The Gemmological Institute of America (GIA) has revealed the a team of its field researchers journeyed to important gemstone mining areas in Brazil to document the current state of coloured stone mines.
From March 31 to April 17 the researchers visited the states of Minas Gerais, Rio Grande do Nort, and Batalha, where they had the rare opportunity to interview Heitor Dimas Barbosa, the first discoverer of Paraíba tourmaline.
The researchers found change in the Belmont mine in Minas Gerais which is moving to new open pits and building a new state-of-the-art rough processing and sorting facility. It is also cutting around 60% of its own production, focusing on higher quality stones.
The team also found that the Cruzeiro tourmaline mine has prolific production from huge pegmatites, and all of its rubellite tourmaline currently goes to Shenzhen, China for cutting and then sale.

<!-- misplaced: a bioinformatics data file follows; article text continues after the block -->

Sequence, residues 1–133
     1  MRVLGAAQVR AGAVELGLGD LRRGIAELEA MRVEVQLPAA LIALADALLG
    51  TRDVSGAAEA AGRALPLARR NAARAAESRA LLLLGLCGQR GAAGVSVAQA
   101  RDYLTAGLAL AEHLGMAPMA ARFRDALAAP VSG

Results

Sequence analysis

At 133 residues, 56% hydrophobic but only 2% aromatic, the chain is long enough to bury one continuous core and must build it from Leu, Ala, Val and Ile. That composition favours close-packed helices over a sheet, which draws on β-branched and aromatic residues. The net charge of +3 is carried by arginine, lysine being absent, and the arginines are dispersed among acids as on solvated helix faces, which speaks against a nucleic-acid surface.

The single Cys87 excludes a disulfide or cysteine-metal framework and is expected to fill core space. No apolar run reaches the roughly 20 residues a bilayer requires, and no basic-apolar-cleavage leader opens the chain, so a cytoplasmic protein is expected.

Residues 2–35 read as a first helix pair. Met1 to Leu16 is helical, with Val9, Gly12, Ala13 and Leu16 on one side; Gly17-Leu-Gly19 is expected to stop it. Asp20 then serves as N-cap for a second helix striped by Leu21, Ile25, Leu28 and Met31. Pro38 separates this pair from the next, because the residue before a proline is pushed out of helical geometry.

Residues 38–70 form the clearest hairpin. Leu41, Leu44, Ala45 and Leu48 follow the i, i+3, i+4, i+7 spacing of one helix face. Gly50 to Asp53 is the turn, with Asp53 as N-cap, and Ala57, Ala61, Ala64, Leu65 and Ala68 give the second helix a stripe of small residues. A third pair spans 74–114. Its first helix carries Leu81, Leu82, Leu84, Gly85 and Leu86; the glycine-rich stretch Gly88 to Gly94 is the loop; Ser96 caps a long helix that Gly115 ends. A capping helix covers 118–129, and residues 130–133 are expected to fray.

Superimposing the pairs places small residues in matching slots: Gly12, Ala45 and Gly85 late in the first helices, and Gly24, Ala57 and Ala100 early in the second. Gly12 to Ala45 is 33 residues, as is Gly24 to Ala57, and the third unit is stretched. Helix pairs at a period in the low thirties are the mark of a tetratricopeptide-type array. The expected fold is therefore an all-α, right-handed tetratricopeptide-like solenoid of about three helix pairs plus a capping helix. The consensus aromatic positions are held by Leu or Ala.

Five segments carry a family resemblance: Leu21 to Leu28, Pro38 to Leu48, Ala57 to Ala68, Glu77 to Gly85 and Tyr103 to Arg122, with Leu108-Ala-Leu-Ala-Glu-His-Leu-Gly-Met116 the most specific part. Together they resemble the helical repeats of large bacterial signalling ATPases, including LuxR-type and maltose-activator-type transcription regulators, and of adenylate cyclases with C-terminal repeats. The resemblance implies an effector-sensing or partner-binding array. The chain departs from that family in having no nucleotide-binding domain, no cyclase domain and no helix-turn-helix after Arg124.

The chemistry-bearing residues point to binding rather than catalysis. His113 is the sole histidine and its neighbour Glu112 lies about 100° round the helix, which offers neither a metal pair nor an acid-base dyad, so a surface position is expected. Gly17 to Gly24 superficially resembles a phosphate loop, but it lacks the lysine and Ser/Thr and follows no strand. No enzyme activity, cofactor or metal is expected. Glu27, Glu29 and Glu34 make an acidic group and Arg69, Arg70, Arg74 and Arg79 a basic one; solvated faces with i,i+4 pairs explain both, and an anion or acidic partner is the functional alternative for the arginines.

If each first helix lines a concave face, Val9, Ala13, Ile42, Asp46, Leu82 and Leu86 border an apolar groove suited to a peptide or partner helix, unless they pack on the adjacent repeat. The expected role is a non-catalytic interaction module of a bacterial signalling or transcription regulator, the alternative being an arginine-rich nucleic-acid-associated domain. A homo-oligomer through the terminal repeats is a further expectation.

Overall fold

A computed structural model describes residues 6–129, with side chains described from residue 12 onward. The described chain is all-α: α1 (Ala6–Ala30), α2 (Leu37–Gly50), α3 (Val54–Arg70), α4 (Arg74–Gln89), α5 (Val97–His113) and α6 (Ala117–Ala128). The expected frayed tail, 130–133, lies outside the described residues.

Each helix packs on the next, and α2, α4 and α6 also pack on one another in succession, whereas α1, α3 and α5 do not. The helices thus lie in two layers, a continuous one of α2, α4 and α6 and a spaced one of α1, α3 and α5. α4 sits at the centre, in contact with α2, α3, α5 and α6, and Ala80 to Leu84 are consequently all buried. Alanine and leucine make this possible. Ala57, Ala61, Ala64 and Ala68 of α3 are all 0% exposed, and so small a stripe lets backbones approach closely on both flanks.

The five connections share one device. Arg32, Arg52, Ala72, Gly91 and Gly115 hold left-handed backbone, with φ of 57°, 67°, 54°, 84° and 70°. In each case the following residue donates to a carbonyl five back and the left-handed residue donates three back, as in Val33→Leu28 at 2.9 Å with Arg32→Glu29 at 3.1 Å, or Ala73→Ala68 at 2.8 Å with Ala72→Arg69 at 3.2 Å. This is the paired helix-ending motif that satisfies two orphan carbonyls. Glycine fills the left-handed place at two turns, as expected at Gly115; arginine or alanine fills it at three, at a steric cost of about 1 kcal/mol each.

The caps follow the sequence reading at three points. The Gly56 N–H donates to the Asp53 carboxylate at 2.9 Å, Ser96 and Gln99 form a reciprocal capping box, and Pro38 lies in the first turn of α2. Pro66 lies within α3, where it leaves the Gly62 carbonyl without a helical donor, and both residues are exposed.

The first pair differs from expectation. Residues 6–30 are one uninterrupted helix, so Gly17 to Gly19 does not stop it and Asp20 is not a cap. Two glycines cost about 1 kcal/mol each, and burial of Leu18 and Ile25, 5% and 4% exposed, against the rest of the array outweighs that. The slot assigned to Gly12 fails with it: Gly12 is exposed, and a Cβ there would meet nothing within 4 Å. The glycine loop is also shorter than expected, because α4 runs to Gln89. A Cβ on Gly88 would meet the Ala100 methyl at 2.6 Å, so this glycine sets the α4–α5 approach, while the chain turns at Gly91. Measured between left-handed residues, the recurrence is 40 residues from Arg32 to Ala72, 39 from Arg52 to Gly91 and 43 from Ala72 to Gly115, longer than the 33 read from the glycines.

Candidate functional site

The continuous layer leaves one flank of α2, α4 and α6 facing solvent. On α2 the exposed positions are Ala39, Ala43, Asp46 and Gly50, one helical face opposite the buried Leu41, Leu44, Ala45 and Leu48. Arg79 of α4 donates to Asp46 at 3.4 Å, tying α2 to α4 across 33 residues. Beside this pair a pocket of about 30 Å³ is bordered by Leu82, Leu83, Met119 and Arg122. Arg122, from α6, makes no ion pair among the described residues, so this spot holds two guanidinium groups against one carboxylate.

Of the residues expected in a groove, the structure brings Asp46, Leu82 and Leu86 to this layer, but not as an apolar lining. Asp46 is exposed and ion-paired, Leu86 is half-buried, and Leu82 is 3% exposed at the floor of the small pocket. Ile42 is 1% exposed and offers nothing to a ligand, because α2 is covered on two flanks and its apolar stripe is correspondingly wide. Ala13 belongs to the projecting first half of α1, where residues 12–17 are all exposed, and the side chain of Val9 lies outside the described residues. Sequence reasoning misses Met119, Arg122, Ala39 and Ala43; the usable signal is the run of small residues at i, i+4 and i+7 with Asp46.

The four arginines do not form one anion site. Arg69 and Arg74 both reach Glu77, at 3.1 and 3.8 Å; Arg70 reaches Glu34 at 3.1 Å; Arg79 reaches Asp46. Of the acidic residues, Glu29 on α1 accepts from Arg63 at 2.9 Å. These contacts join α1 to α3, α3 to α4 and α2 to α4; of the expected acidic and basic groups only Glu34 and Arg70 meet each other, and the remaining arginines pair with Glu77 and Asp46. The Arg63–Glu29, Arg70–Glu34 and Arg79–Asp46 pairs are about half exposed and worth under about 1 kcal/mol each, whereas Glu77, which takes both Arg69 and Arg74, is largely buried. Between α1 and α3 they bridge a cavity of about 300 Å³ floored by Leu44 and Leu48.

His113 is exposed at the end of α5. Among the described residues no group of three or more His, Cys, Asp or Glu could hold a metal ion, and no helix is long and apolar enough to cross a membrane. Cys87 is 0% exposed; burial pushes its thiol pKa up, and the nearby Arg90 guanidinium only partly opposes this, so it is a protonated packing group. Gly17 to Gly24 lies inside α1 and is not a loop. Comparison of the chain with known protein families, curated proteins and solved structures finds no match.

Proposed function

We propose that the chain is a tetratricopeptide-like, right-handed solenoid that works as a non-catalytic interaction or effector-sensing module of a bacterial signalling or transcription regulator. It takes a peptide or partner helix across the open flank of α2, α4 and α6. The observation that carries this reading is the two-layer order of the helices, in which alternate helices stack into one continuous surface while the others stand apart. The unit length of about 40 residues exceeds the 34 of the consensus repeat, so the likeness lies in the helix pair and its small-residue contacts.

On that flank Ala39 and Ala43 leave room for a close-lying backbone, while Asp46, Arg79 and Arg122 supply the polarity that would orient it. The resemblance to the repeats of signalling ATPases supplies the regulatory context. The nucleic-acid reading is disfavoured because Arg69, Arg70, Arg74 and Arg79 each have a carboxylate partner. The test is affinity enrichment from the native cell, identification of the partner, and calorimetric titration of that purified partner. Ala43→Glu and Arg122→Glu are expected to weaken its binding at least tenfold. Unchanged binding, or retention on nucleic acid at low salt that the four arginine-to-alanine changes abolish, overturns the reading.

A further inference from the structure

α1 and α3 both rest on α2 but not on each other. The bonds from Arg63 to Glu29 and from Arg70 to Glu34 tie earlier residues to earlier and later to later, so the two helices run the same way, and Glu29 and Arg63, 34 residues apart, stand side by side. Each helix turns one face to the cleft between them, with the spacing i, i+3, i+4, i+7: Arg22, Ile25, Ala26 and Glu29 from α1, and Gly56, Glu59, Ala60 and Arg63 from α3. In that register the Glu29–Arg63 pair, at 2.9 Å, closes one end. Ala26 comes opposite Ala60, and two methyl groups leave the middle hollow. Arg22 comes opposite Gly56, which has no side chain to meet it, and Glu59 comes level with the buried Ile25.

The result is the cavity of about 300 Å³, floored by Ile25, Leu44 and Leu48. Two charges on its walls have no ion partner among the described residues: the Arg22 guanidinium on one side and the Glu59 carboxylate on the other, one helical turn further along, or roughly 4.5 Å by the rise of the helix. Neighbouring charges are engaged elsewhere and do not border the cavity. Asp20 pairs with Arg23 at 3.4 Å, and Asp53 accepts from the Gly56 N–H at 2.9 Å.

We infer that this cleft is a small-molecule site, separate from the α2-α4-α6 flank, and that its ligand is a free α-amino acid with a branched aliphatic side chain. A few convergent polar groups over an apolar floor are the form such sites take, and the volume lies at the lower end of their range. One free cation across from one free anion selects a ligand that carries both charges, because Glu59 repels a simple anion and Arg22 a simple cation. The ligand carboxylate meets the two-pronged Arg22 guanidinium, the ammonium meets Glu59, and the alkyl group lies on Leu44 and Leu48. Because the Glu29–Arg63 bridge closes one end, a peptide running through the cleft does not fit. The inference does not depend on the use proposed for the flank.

Participants in the 18-day trip included field gemmologist Andrew Lucas, director of West Coast Identification Shane McClure, video producer Pedro Padua, Gems & Gemology editor-in-chief Duncan Pay, geologist Brian Cook and president of the Brazilian gemstone cutting and marketing firm Stone World.
Andrew Lucas, field gemmologist at GIA, said: “We’ve never seen a mine produce the amount and quality of material as the tourmaline we saw coming from the massive pegmatites at the Cruzeiro mine.
“The value of Paraíba tourmaline has risen unbelievably and the passion to find more material at the mines was contagious.”